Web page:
Let’s go back to the halcyon days of July 2016, when “Pokémon Go” was thrust into the world and throngs of people went outside just to catch ’em all.
Am I dating myself? Because while I have no idea what goes down over at the PokéStop near my house, it’s been three years since it appeared, and it’s still as buzzy as ever.
While it would be easy to assume the people playing are all young gamers, that would be largely off base. After all, “gamer” is a broad demographic.
Gamification expert Yu-kai Chou explains in his Ted Talk that “the average gamer is 35 years old.” According to Chou, almost 70 percent of gamers are over age 18, and almost half are women. If you consider app games like Candy Crush and Angry Birds, the demographic gets even bigger.
So chances are you, too, are a gamer. Many companies in the fitness industry are banking on the fact that everyone is a gamer to lure us into long-term exercise (and memberships).
Gamification is the practice of introducing gaming elements, such as story plots, point systems, and sharing stats, into a task that already exists in a non-game form. From a historical standpoint, the gamification of fitness started with the foot races of the 776 BC Olympics. So maybe we’re a little late on the uptake here… but since we’re living in an app world, there’s a way to make exercise fun for literally anyone.
Take a look at “Zombies, Run!,” which has over four million downloads. The app narrates a story in which users are among the few to have survived a zombie apocalypse and are trying to navigate to humanity’s last remaining outposts. They gather supplies along the way and are sometimes chased by zombies (which, understandably, encourages users to run faster). Users can track their runs and share their progress with others.
I may not run to catch a legendary Pokémon, but would I run to survive, even in a fictional world? At least once.
For those who think zombies are overrated, the same team who made “Zombies, Run!” partnered with the National Health Service and the UK’s Department of Health to create a spy thriller game called “The Walk.” This game appeals to us in the same way that binge-watching TV does. The idea is that instead of thinking “Just one more episode,” users will think “Maybe just one more quick walk” so they can participate in more of the story.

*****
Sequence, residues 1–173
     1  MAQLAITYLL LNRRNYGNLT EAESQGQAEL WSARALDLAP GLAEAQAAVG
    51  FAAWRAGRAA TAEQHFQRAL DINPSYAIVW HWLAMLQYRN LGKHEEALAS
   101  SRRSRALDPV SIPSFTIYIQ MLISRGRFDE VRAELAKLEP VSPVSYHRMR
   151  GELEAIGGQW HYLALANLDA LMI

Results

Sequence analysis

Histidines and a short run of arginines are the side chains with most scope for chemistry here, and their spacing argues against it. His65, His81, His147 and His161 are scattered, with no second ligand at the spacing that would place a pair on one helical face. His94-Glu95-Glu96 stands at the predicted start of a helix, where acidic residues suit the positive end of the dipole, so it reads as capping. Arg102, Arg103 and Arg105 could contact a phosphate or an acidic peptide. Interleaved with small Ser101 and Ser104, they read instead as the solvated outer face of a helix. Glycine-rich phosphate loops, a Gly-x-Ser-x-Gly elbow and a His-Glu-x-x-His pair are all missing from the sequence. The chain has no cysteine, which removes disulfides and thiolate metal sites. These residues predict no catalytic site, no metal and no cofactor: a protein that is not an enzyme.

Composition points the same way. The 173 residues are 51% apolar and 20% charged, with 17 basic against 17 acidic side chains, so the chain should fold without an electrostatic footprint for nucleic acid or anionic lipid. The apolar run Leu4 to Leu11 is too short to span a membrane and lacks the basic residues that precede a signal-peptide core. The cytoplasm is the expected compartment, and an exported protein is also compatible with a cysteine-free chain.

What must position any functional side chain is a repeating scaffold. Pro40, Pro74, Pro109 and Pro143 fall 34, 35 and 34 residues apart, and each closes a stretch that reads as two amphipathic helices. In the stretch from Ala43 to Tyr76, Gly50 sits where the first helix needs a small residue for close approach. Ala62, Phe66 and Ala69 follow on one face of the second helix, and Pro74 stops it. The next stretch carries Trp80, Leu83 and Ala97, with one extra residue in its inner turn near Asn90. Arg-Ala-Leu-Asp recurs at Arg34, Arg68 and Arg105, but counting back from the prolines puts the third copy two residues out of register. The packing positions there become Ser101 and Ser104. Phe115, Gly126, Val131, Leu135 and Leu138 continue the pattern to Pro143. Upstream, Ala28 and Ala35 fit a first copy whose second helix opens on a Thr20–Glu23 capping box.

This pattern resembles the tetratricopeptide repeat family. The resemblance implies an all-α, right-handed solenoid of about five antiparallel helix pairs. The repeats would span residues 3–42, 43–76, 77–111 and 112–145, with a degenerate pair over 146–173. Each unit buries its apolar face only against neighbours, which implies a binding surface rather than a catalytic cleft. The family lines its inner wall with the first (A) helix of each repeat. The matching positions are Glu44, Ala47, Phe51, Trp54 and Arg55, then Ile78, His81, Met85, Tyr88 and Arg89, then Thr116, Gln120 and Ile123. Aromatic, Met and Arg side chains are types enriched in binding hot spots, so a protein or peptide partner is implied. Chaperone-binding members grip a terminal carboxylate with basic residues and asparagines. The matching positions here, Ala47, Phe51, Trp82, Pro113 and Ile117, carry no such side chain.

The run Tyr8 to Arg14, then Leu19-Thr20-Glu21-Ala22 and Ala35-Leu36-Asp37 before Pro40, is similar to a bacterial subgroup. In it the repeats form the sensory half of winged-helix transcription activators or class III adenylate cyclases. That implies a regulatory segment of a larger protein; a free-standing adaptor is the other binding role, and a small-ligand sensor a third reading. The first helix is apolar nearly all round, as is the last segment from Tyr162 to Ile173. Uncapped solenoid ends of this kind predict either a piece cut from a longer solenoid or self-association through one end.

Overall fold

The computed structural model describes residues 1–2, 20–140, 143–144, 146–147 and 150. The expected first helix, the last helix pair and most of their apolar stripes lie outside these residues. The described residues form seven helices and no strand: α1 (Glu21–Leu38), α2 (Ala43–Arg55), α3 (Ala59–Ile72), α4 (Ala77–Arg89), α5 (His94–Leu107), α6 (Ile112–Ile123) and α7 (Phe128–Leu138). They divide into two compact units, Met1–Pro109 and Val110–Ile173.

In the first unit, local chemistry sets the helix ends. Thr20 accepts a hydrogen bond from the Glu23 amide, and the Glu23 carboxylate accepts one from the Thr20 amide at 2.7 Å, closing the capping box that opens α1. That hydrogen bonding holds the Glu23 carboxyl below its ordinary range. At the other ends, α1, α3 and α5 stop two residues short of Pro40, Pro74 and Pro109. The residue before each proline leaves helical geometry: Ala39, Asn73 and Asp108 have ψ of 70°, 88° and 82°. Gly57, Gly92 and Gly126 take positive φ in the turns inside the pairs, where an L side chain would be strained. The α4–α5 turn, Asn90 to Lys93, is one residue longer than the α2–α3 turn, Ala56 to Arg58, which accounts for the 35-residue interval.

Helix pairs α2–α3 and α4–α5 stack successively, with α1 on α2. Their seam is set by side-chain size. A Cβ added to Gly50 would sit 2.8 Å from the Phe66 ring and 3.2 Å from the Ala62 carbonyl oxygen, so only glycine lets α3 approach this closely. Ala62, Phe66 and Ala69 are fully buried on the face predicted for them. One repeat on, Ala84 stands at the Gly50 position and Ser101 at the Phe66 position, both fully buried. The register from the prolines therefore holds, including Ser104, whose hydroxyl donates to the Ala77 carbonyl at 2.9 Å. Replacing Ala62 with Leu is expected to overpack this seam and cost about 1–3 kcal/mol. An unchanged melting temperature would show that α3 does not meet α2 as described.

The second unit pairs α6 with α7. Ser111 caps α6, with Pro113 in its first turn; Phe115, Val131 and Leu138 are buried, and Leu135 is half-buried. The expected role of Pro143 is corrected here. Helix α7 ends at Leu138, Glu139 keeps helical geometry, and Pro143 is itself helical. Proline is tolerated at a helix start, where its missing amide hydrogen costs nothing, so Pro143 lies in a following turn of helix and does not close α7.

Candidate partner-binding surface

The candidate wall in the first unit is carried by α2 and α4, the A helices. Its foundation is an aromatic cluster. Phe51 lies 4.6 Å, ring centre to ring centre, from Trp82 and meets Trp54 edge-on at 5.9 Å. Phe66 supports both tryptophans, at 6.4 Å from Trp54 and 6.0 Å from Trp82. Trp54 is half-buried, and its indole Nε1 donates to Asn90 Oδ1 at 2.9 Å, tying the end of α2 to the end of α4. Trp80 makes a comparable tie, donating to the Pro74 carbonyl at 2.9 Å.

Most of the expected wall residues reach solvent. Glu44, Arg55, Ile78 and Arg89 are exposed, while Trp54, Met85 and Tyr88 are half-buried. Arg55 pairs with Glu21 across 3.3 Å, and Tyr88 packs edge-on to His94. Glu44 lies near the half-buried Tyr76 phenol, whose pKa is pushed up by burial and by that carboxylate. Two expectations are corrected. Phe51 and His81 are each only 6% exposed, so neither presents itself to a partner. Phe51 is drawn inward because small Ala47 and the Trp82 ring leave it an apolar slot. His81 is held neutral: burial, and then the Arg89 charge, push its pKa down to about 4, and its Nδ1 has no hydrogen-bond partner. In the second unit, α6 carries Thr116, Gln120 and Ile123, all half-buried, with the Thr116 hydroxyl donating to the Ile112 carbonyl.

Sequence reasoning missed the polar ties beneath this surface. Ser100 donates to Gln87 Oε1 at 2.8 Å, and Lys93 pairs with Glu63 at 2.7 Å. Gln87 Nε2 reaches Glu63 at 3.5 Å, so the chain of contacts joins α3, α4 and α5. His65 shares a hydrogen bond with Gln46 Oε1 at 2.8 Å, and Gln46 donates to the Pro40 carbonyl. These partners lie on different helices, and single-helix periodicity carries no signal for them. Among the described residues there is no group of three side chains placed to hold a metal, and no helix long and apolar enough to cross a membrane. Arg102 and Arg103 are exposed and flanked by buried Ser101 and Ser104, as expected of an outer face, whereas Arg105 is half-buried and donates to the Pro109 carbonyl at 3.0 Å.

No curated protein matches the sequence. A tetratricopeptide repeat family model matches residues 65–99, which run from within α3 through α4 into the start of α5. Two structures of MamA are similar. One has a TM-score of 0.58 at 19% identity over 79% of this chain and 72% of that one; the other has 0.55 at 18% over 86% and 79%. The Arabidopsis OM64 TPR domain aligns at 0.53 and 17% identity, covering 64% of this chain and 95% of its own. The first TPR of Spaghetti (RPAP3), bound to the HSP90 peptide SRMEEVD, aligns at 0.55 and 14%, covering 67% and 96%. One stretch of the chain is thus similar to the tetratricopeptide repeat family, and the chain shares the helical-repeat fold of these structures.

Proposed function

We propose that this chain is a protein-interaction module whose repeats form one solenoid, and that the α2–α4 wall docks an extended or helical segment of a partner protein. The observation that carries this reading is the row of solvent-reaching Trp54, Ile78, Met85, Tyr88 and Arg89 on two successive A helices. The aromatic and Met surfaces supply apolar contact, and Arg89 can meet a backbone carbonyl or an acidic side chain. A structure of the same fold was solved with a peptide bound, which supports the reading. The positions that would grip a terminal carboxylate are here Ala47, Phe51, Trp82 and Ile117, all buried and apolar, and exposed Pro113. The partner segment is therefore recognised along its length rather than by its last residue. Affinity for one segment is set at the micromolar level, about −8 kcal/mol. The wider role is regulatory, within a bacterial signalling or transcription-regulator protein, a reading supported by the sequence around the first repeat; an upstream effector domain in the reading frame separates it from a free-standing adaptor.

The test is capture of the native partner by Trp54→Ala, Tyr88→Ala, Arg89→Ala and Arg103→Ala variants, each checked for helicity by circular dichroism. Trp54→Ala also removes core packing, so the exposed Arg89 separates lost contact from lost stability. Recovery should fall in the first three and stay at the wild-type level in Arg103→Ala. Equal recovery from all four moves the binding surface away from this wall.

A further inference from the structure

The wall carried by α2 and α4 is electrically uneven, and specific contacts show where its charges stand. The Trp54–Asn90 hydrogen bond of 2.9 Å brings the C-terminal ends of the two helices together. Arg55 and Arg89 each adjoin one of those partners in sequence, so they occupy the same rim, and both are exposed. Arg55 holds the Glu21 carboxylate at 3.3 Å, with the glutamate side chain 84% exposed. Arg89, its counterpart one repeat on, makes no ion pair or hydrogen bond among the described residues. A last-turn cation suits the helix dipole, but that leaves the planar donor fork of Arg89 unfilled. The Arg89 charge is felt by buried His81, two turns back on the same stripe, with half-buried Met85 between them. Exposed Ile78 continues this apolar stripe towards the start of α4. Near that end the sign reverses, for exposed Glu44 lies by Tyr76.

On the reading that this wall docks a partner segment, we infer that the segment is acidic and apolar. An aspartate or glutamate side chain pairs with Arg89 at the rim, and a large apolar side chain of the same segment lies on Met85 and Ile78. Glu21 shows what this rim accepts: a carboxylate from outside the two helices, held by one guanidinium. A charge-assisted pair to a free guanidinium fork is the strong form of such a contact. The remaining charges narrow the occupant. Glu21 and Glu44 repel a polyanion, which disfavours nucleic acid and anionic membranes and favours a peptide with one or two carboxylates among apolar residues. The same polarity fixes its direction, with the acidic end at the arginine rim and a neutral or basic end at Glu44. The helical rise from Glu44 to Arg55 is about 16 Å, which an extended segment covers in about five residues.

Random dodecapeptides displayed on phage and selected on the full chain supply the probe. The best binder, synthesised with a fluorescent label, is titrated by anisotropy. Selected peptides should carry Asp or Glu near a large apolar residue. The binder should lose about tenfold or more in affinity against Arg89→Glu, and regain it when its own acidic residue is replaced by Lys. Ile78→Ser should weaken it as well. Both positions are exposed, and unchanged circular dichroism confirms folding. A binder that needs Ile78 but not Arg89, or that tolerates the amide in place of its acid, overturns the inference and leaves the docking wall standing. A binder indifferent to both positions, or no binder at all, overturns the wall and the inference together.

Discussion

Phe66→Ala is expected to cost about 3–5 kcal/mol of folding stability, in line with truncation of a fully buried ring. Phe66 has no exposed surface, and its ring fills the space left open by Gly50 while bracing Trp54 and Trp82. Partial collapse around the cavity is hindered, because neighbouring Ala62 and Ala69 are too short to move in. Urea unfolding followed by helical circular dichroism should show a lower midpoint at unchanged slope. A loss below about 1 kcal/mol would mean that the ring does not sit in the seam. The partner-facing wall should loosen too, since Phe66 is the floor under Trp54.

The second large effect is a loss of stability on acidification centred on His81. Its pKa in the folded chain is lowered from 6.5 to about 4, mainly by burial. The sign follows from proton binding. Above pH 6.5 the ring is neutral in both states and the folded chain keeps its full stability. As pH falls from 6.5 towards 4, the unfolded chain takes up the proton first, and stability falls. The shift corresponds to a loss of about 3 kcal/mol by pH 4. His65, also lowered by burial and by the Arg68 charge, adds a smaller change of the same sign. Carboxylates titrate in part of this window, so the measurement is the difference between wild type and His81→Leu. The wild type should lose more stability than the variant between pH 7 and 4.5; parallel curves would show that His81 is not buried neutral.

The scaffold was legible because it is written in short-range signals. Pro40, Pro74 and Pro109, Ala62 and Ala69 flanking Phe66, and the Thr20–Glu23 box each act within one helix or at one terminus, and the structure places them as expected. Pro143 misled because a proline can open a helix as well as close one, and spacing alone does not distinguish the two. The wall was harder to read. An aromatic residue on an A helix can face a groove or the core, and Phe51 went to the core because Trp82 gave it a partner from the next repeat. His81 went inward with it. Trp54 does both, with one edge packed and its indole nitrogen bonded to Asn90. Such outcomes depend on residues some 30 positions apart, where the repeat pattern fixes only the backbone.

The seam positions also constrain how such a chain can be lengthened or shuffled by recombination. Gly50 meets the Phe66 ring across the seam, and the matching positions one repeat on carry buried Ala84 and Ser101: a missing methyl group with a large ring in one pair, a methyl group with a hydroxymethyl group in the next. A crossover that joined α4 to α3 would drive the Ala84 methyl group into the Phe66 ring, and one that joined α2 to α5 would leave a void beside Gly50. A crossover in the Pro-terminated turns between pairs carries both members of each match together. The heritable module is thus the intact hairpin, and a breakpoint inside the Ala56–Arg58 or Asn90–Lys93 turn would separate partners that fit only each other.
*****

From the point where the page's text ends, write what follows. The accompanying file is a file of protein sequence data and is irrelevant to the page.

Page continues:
In these examples, physical fitness is a pleasant side effect but not the main attraction of the app (at least not as the user perceives it).
It’s also human nature to be motivated by real-life competition, which is why gamified classes like Orangetheory Fitness and NYC’s SWERVE Fitness have also become popular.
Orangetheory displays each participant’s name on a digital screen, along with calories burned and the percentage of their maximum heart rate at which they’re working. During my first class there, I did find it a bit embarrassing to have my name displayed for all to see.
Garner Pilat, an ACSM exercise physiologist, and Orangetheory coach explain how she sees it motivating people: “[The screen] holds you that much more accountable while you are working out. It’s almost like instant gratification when you earn a splat point (what we call it when you spend 1 minute in the orange or red zone).”
At the end of the class, everyone’s stats are displayed, but the results are alphabetical and not ranked by performance. Regardless of any minor embarrassment, I may have felt in that first class, I returned for round two, motivated to “beat” my earlier score.
“Being able to see your progress within the hour and overtime is one of my favorite features [of Orangetheory],” says Pilat.
SWERVE cycling classes are for those who enjoy working in teams and don’t want to share their stats with a roomful of strangers. Each class is divided into three teams. While you can see your metrics displayed on your bike, the teams’ overall scores are shown on screens in the room. One team wins at the end of class.
These classes work for two reasons: They’re upbeat, energetic, and fun, and people can track their results and see immediate and long-term improvements.
Chou explains that for gamification to be successful, it has to “motivate our core drives.” He defines the eight-core drives as:
- social influence
For the fitness world, Chou found “development and accomplishment” to be especially motivating. This means that humans are driven to work harder by the feeling that they’re improving in the short term.
He uses the example of the Nike+ Nike Fuel Band (this theory also extends to Orangetheory and Swerve). What the Nike+ (and other similar apps) do well celebrate the small milestones, such as the fact that you’ve run a mile farther this week than last week or burned more calories today than yesterday.
“We all know that health and exercise are very important,” Chou says, “but health is a long-term thing and our brains are terrible at processing long-term benefits. We like short-term gratifications.”
Tangible gratifications, like the rush of a new purchase or the first bite of a cupcake, keep people hooked.